urn:x-wiley:00021962:agj2agronj20150381:equation:agj2agronj20150381-math-0001(1)
    where wi is the proportion of the field area contained within the ith map unit, and σi2 is the variance within i ∈ [1,n] map units due to segmentation S. The area-weighted yield variance was used to obtain an objective comparison of map-unit polygon configurations, sizes, and densities of yield values for different map-unit types.
    We then calculated the variance reduction (Rv) for each yield map to reflect the average homogeneity of yield within map units from a given field segmentation:
    urn:x-wiley:00021962:agj2agronj20150381:equation:agj2agronj20150381-math-0002(2)
    where urn:x-wiley:00021962:agj2agronj20150381:equation:agj2agronj20150381-math-0004 is either urn:x-wiley:00021962:agj2agronj20150381:equation:agj2agronj20150381-math-0005 or urn:x-wiley:00021962:agj2agronj20150381:equation:agj2agronj20150381-math-0006, and urn:x-wiley:00021962:agj2agronj20150381:equation:agj2agronj20150381-math-0007 is the WF yield variance. Increased Rv of one field segmentation approach compared with another represents a relative improvement.

    Statistical differences in Rv between SSURGO and ERU were determined using Student's t-test at a significance level of α = 0.05. The DSM process and all analyses were performed using R statistical packages. Yield data and DSM output were visualized using ArcGIS (ArcGIS 10.2, ESRI).

    RESULTS AND DISCUSSION

    Yield and Yield Variance Reduction

    Average corn yields across all the years in each study field (Indiana, Iowa, Minnesota, and Nebraska) were 9.1, 10.9, 11, and 10.4 Mg ha−1, respectively (Fig. 3). The number of fields per each state was 77, 154, 101, and 77, respectively (Table 1). Average yield by year was 10.8, 10.9, and 9.4 Mg ha−1 for 2010, 2011, and 2012. During 2012, the US agriculture sector experienced one of the most severe and extensive droughts in recent history, where reduced precipitation and high temperatures caused significant stress in corn during critical phases of development (Al-Kaisi et al., 2013). Even though there were no statistical differences among average yields across all 3 yr in this study, we observed that Indiana fields were most negatively affected in 2012, when yields averaged 6.8 Mg ha−1. The 2012 drought was attributed to natural variations in weather patterns, which caused insufficient warm-season rains for the region (Hoerling et al., 2014). A lack of precipitation in concert with high temperatures led to an excessive soil moisture deficit (Porter and Semenov, 2005), causing portions of Indiana to reach the exceptional drought condition category (Heim, 2012; Mallya et al., 2013).

    Details are in the caption following the image

    Total corn yield for each year by state and a final average. The bars indicate standard error.

    Table 1. Summary of average total area-weighted variances of corn yield between whole-field (WF), SSURGO, and Environmental Response Unit (ERU).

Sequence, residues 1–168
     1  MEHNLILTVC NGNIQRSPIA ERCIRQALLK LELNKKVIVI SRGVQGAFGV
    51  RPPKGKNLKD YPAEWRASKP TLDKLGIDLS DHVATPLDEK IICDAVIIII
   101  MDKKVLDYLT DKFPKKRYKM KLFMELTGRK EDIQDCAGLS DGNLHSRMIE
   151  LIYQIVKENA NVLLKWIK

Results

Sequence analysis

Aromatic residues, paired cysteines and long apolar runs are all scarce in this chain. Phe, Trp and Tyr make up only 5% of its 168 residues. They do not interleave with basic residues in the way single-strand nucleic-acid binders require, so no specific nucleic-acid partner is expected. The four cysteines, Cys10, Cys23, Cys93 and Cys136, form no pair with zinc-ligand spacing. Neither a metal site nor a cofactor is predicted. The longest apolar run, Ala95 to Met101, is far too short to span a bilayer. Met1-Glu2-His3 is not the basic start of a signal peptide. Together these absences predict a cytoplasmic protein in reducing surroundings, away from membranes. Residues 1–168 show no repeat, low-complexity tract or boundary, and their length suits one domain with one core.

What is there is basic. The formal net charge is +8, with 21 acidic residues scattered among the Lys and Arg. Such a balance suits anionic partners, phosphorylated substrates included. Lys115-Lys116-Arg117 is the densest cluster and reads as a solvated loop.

Data set Average total area-weighted variance
    n WF SSURGO ERU
    (Mg ha−1)2
    All data 409 5.6 4.6 4.1
    Indiana
    2010 17 4.6 4.2 3.8
    2011 28 4.2 3.7 3.3
    2012 32 4.9 3.7 3.3
    All years 77 4.6 3.8 3.4
    Iowa
    2010 26 4.7 4.1 3.8
    2011 37 2.6 2.3 2.1
    2012 91 7.3 5.6 5.0
    All years 154 5.7 4.5 4.1
    Minnesota
    2010 33 4.6 4.2 3.8
    2011 29 4.2 3.7 3.3
    2012 39 4.9 3.7 3.3
    All years 101 4.3 3.5 3.0
    Nebraska
    2010 26 4.6 4.2 3.8
    2011 15 4.2 3.7 3.3
    2012 36 4.9 3.7 3.3
    All years 77 8.0 6.9 6.1

    The two soil-landscape classification types (SSURGO and ERU) were assessed using the Rv metric that represents a reduction of within-map-unit variability in corn yield data. For all site-years, the average Rv for SSURGO and ERU compared with WF was 0.16 and 0.25, respectively (Table 2). Both the SSURGO map units and ERU DSM captured more yield variance than the WF; however, the ERU DSM showed a greater reduction in area-weighted variance than SSURGO (Fig. 4). The largest difference between Rv values for the ERU DSM and SSURGO was observed for Minnesota at 0.13 and the least for Iowa with 0.07 (Table 2). Significantly, the median reduction in Rv from SSURGO to ERU was 57% (Fig. 5). When comparing ERU with SSURGO, all but one state–year combination showed a significant improvement in the Rv metric (Table 2).

    Table 2. The fractions of corn yield variance reduction (Rv) for the Environmental Response Unit (ERU) and SSURGO map units, along with the probability of a significant difference between the two based on results from multiple Student's t-tests.
    State Year n Rv
    ERU SSURGO p value
    All states all years 409 0.25 0.16 <0.001
    Indiana 2010 17 0.15 0.09 0.014
    2011 28 0.21 0.11 <0.001
    2012 32 0.3 0.21 0.006
    all years 77 0.24 0.15 <0.001
    Iowa 2010 26 0.19 0.12 0.006
    2011 37 0.19 0.13 0.002
    2012 91 0.3 0.22 <0.001
    all years 154 0.25 0.18 <0.001
    Minnesota 2010 33 0.22 0.12 <0.001
    2011 29 0.26 0.13 <0.001
    2012 39 0.3 0.18 <0.001
    all years 101 0.26 0.15 <0.001
    Nebraska 2010 26 0.24 0.14 0.002
    2011 15 0.21 0.14 0.136
    2012 36 0.24 0.14 <0.001
    all years 77 0.23 0.14 <0.001
    Details are in the caption following the image

    Total corn yield variance reduction for an Environmental Response Unit (ERU) digital soil map model and NRCS SSURGO database map units compared with whole-field variance.